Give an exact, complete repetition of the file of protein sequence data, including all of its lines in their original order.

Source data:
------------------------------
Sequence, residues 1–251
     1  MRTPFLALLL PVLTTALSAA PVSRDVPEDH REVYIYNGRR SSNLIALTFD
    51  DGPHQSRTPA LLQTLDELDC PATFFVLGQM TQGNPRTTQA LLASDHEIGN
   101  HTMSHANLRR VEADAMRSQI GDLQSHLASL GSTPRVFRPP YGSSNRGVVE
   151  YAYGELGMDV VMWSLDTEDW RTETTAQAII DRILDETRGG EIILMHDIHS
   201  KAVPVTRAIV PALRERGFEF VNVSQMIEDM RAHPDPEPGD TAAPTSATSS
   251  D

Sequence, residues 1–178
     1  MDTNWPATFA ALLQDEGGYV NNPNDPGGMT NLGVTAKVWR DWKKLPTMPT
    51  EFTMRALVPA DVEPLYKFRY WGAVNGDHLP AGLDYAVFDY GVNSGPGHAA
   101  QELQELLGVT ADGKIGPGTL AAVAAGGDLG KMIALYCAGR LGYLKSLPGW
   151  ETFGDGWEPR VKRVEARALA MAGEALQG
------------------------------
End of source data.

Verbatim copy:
Sequence, residues 1–251
     1  MRTPFLALLL PVLTTALSAA PVSRDVPEDH REVYIYNGRR SSNLIALTFD
    51  DGPHQSRTPA LLQTLDELDC PATFFVLGQM TQGNPRTTQA LLASDHEIGN
   101  HTMSHANLRR VEADAMRSQI GDLQSHLASL GSTPRVFRPP YGSSNRGVVE
   151  YAYGELGMDV VMWSLDTEDW RTETTAQAII DRILDETRGG EIILMHDIHS
   201  KAVPVTRAIV PALRERGFEF VNVSQMIEDM RAHPDPEPGD TAAPTSATSS
   251  D

Sequence, residues 1–178
     1  MDTNWPATFA ALLQDEGGYV NNPNDPGGMT NLGVTAKVWR DWKKLPTMPT
    51  EFTMRALVPA DVEPLYKFRY WGAVNGDHLP AGLDYAVFDY GVNSGPGHAA
   101  QELQELLGVT ADGKIGPGTL AAVAAGGDLG KMIALYCAGR LGYLKSLPGW
   151  ETFGDGWEPR VKRVEARALA MAGEALQG